Appeoximately 30-40% of food is wasted in the united states and $218 billion is spent to grow, process, transport and dispose
of food that is never eaten. reducing food losses by only 15% would be enough to feed more than 25 million americans…
So here is how you can help.
What you need to know to waste less and achive sustainability in your own home is most of those scraps shouldn’t be thrown
away, becuase they can be reused to complete your dish in multiple ways. So here are 10 of the most common ways you can
1. Use broccoli stalks.
Broccoli stalks are completely edible, and if you’re paying for it might as well use it. You can make broccoli chips with
them which are delicious, broccoli rice, and broccoli noodles — just make sure to peel their tough outer skin.
2. Using leftovers veggie scraps for homemade vegetable broth!
Save up your odds and ends whenever you cook. You can add them to a freezer-safe bag and freeze until you’ve got a full bag.
Carrots, celery and onions are KEY stock ingredients, But you can add other veggies for more flavor — mushrooms, leeks,
herbs, asparagus and tons of others are great options.
3. Roasted potato skins
Don’t throw those potato skins! You CAN actually add those to a broth, too, but if you want a crispy treat, simply dry off
the skins, put them into a bowl and apply some olive oil, salt, pepper, or what ever spices you prefer. add to a tray
lined with parchment and bake them up until crispy, flipping halfway through. Feel free to add whatever you need to spice
it up. But they’re also great on their own!
use stale bread for homemade breadcrumbs. Toast up your bread slices on a baking sheet to dry them out and crisp them up
a bit. break them up into pieces into a food processor and pulse into crumbs, making sure they’re evenly processed. Perfect
for toppings, coatings, bindings, and more!
5. Forzen herbs
People never use all of their bunches of herbs, you can add them to your stock we showed earlier, but if you want to save
them for another time, remove the leaves from the stems and chop them up. Add them to an ice cube tray and cover with
boiling water, which will help to blanch the herbs before freezing and help retain the color and flavor once frozen.
6. Bruised Fruit
Close up of apples in hay
This is a food waste tip that you can use outside of your own home. When fruit is bruised at a store, it’s less desirable
so a lot of times that food ends up getting tossed and can’t be sold, which is a huge unnecessary waste! In fact, Americans
throw away around 6 BILLION pounds of food every month, mostly due to cosmetic standards. YOU can help by actually picking
out the bruised pieces of fruit— of course, make sure the fruit is not moldy or containing fungus— it shouldn’t smell
or look infected, but a small bruise, blemish or wrinkle isn’t going to hurt you. Chop it up, add to a fruit salad, blend
it up in a smoothie, or make popsicles, and no one will ever know!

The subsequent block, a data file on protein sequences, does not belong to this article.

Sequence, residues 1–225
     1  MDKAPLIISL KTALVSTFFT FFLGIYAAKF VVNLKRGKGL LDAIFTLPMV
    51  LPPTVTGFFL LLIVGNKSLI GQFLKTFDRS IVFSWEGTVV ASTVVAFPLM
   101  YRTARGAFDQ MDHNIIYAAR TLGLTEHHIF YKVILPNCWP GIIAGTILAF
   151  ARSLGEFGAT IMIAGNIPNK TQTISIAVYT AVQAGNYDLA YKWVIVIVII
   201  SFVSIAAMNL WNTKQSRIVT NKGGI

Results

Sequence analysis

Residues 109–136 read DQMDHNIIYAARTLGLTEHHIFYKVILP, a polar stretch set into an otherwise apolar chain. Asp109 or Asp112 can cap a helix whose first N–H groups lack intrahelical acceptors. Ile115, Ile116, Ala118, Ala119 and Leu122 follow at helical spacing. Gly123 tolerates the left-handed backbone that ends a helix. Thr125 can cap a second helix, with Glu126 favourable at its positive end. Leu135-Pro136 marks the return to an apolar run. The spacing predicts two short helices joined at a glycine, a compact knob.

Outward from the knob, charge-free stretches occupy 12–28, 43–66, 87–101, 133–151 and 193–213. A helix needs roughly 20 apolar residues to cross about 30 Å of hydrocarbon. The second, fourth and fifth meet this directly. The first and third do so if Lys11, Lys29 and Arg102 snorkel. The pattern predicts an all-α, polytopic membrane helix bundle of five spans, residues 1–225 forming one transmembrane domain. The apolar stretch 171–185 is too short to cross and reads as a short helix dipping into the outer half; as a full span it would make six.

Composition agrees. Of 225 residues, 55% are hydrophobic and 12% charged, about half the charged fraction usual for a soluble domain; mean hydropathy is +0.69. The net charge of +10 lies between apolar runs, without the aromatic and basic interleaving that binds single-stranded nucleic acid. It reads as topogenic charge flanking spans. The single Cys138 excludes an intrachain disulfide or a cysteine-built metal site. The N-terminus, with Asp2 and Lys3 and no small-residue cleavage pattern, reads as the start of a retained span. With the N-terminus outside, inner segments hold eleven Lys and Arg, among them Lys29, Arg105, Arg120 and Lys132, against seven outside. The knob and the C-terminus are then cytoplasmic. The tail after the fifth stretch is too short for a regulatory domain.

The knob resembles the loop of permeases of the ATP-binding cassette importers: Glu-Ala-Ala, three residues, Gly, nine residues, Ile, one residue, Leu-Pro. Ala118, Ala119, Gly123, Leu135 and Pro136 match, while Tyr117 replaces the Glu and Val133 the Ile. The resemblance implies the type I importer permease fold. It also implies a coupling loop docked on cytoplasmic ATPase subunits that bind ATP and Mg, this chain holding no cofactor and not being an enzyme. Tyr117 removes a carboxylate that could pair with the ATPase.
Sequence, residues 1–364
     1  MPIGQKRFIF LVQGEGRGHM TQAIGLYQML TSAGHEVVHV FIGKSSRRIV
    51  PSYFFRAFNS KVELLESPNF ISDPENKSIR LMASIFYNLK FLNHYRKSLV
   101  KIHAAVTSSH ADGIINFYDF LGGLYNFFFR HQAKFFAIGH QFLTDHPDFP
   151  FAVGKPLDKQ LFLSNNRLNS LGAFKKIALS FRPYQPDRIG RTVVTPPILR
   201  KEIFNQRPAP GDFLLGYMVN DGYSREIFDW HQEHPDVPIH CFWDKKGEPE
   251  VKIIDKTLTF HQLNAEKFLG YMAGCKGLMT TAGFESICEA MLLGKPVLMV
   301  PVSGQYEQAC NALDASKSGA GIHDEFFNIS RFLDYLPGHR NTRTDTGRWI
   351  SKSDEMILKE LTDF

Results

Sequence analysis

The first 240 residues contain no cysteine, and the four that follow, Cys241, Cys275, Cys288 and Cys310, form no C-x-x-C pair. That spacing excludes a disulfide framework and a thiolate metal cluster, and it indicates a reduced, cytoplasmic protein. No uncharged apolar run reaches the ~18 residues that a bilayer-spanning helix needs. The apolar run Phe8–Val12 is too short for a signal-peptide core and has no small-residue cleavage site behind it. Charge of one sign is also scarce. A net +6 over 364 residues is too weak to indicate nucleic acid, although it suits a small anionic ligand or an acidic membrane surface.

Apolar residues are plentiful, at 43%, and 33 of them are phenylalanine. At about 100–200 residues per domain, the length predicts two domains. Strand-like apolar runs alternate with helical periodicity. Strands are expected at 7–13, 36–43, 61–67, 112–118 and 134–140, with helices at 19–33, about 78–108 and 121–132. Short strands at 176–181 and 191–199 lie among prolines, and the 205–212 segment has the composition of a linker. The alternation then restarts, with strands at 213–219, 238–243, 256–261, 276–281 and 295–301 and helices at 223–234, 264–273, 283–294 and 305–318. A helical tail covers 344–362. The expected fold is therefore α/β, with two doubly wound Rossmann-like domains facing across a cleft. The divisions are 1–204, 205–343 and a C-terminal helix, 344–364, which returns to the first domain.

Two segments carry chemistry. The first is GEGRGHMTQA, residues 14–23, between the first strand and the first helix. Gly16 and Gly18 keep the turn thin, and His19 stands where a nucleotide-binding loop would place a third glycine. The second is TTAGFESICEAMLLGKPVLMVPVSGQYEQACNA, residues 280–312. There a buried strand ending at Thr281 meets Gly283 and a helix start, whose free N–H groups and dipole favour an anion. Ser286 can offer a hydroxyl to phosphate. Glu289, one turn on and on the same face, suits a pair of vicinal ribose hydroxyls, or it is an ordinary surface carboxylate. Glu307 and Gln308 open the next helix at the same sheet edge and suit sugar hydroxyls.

7. Apple Butter
One of the most commonly bruised fruits that are also bought in excess are apples. This time of year, I like to use extra
apples to make APPLE BUTTER! Bruised apples work perfect here, and since apple season is upon us, this makes a great
fall time activity and gift. Add peeled, cored, and chopped apples to a pot with lemon juice, cinnamon, cloves, salt,
and maple syrup. Stir everything together, cover and cook over low heat, stirring occasionally for about 2 hours, until
reduced. Your house will smell delicious! Remove the pot and allow to cool for 15 minutes before purèeing with your immersion
blender, or regular one. Feel free to allow to reduce even more on the stove, depending on the consistency that you’d
like it. Serve warm! Store in the fridge for a few weeks, or freeze for a few months!
8. Pumpkin dog treats
You can combine canned pumpkin, natural unsalted peanut butter, and whole wheat or oat flour into a dough. Add the flour
gradually. Roll it out between parchment and cut it out into your desired shapes. Bake in the oven and cool completely
before serving. Store in an airtight container for a week, or freeze for up to 3 months! Your pup will thank you for
not wasting food!
9. Recycled coffee grounds
You can use used coffee grounds for a natural deodorizer! If there are unpleasant smells in your kitchen, living room, even
in the refrigerator or freezer, put out some coffee grounds to make your home smell better.
10. Grow Vegetables From Kitchen Scraps
There are alot of resources online on how to do this for each veggie, take Celery for example. Celery is one of the easiest
foods to grow from leftover scraps. Just cut off the bottom or base of your celery and lay it in a bowl with just a bit
of warm water in the bottom. Keep the bowl in direct sunlight as long as possible each day and after about a week, you
will begin to see the leaves thickening and growing along the base. When this happens, you can transplant your celery
in soil and wait for it to grow to full length.